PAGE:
Many researchers observed a low level of anxiety in Fmr1 KO mice41. Previous studies have reported that Fmr1 KO mice have higher rates of premature responses which means that its inhibitory controls are lacking42. In this study, Fmr1 KO mice revealed low anxiety, and probably high impulsivity in elevated plus maze tasks, which were rescued by pirenperone. The serotonin system has been heavily implicated in impulsivity studies in general. There are implications on the involvement of 5-HT2A polymorphisms in the G-1438A promoter43 regions as well as in the A-1438A allele of the 5-HT2A receptor gene44 as the reason behind the impulsive behavior. Furthermore, it has been reported that 5-HT2A receptor antagonism using the 5-HT2A receptor antagonist MDL100,907 attenuates impulsive behavior in mice45,46. As suggested by several pharmacological studies, the G-coupled 5-HT2A receptor has been reported to be responsible for impulsive activities and this means that selective 5-HT2A receptor antagonist blocks this inherent behavior47,48. Our current study adds to this growing data that suggests the role of the 5-HT2A antagonist in the attenuation of impulsive behavior.

Elevated blood serotonin levels or hyperserotonemia in ASD including Rett syndrome and FXS individuals have been observed in about 30% of total patients2. It is not clear which subtypes of serotonin receptors play important roles in the modulation of ASD phenotypes but the results from the present study suggest that 5-HT2A receptors should be given more attention.

Loss of FMRP expression leads to the hyperactivation of the extracellular-signal-regulated kinase (ERK) signaling pathways in both FXS and KO mice2. Stimulation of group I metabotropic glutamate receptors via 5-HT2A activates phospholipase C, splitting membrane phosphatidylinositol into inositol triphosphate (releasing intracellular Ca2+ from cytoplasmic stores) and diacylglycerol, a specific activator of protein kinase C (PKC). PKC activation triggers a cascade leading to MEK phosphorylation of ERK. Previous studies have reported 5-HT2A receptor function by phosphorylating ERK1 and ERK2. The 5-HT2A antagonist ketanserin inhibited the activation of the ERK signaling pathway thus activating the downstream signaling cascade2. Therefore, similar to kentaserin’s mechanism of action pirenperone treatment might be able to rescue the ERK hyperactivation in FXS models as well, but further studies would be necessary.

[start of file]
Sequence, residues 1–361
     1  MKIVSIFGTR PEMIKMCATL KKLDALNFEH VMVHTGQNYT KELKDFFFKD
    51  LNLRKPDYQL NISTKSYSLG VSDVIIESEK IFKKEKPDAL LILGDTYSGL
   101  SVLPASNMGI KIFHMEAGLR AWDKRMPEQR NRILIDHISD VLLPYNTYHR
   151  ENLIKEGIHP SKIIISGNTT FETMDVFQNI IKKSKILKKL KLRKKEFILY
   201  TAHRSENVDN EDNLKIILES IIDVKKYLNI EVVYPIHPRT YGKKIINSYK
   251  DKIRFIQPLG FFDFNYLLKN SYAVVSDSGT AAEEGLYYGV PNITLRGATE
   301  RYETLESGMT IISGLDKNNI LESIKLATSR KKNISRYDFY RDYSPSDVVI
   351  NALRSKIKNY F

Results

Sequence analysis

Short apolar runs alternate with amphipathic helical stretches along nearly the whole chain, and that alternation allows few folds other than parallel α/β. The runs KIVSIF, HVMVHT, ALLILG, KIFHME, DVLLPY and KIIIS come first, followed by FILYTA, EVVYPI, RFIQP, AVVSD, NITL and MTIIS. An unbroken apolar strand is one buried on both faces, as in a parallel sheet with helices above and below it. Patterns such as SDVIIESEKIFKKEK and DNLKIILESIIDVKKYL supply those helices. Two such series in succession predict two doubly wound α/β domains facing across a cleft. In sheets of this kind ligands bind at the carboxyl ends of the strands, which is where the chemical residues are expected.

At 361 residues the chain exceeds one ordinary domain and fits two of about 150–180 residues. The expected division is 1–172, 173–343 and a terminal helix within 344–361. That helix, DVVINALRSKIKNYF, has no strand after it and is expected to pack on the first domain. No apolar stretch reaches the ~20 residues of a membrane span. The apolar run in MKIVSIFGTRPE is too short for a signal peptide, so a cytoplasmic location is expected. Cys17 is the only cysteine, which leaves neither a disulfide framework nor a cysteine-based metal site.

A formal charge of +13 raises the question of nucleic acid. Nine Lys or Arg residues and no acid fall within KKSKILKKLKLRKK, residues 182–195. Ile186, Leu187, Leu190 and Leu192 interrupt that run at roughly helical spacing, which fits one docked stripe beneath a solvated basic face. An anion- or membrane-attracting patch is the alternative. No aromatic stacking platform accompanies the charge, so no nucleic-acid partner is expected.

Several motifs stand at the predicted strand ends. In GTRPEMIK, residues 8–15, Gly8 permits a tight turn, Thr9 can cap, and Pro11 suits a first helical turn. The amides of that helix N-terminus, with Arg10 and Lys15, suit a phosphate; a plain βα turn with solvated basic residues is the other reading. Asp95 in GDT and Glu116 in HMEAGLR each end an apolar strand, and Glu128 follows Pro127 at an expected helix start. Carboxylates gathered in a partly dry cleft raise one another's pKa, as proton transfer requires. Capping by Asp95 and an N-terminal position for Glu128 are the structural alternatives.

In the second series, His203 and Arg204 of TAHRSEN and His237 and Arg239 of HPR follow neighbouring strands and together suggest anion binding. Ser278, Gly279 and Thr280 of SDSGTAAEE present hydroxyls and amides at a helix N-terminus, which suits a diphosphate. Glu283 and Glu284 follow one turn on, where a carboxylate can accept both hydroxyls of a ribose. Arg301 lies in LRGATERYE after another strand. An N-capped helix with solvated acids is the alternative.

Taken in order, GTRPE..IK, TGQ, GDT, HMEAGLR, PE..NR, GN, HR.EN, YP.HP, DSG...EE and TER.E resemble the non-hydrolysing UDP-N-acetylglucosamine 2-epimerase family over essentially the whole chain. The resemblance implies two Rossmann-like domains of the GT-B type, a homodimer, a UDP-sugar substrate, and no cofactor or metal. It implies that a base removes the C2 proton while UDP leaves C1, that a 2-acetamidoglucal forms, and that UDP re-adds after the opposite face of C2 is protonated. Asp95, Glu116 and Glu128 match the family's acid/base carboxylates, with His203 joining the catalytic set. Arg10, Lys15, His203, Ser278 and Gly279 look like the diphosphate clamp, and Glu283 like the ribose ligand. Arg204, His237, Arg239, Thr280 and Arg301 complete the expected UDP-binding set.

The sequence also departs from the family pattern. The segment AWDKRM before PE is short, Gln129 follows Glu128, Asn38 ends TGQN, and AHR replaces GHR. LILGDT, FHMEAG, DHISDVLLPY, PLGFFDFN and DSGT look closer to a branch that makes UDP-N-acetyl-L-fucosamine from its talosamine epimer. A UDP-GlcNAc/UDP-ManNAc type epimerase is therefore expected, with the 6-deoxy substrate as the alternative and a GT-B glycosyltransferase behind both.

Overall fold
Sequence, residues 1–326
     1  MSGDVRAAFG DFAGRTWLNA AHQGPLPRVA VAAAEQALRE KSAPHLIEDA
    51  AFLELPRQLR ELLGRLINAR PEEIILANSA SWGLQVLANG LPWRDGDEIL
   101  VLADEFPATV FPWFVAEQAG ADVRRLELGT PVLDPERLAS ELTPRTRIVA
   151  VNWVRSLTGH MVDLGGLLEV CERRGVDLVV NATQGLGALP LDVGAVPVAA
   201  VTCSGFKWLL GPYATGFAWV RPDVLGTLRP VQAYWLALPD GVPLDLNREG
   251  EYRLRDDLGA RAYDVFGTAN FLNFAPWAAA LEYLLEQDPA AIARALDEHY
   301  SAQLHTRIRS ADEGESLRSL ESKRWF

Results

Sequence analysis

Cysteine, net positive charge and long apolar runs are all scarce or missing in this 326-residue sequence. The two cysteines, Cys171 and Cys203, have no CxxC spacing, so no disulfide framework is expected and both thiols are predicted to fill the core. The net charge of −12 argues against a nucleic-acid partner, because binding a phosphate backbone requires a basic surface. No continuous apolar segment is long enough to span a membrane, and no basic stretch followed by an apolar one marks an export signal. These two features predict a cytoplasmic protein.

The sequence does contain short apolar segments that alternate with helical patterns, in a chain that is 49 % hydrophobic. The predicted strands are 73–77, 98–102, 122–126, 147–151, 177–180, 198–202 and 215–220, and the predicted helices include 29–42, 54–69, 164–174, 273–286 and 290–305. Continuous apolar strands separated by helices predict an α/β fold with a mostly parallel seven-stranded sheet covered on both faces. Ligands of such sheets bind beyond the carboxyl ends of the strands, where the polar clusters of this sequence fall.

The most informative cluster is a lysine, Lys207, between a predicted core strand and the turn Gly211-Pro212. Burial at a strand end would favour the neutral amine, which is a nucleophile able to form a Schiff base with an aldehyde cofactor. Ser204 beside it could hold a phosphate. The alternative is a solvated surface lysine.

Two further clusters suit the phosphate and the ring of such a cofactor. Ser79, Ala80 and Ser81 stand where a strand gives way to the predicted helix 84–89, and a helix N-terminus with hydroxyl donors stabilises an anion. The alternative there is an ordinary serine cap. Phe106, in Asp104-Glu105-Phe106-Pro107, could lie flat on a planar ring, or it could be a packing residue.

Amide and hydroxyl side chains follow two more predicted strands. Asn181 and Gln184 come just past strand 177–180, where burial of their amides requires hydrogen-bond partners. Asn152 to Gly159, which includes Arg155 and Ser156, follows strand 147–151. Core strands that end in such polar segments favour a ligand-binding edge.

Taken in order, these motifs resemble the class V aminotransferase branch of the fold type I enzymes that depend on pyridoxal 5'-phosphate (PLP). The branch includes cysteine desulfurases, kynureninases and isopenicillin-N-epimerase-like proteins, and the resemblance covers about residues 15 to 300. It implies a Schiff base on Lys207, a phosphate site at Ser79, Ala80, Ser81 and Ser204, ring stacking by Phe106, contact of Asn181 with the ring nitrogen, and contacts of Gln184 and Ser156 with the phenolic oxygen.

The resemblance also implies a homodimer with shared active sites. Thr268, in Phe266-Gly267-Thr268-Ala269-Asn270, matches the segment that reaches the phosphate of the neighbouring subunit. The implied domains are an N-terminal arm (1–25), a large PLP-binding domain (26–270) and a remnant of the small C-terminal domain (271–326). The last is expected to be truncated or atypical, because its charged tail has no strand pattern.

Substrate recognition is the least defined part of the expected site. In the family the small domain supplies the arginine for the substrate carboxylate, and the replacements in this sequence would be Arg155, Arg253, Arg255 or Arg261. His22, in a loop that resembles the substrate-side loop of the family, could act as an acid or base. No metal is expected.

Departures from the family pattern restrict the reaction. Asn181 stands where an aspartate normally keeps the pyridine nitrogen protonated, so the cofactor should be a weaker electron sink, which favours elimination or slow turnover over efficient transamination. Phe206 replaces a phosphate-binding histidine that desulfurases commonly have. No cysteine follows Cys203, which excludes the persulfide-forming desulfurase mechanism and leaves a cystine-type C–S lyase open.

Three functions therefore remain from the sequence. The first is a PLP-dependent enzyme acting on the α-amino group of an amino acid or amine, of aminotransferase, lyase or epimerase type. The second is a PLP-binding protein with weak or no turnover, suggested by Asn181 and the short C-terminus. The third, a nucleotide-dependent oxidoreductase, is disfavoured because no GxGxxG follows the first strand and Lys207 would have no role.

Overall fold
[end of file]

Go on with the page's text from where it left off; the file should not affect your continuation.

Even though there are still many questions to comprehend the mechanism of pirenperone as a potential drug candidate for FXS, we assume that the current study will provide new insights into discovering effective drug candidates for the disorder and also the possibility that 5-HT2A modulators can be drug targets for FXS.

Materials and methods